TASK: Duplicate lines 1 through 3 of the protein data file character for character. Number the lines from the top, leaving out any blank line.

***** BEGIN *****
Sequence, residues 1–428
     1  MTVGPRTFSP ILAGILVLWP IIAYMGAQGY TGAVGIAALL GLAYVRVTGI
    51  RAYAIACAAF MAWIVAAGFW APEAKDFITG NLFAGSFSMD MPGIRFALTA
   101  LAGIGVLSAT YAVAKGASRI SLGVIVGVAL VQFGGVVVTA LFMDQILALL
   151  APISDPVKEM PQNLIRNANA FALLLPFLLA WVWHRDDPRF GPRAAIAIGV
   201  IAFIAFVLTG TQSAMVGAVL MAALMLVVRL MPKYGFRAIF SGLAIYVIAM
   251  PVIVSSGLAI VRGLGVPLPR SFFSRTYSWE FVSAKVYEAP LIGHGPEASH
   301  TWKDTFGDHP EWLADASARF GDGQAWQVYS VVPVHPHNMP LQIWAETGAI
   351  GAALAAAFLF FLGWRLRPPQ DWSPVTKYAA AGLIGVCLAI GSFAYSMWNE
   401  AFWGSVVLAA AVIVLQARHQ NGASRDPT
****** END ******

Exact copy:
Sequence, residues 1–428
     1  MTVGPRTFSP ILAGILVLWP IIAYMGAQGY TGAVGIAALL GLAYVRVTGI
    51  RAYAIACAAF MAWIVAAGFW APEAKDFITG NLFAGSFSMD MPGIRFALTA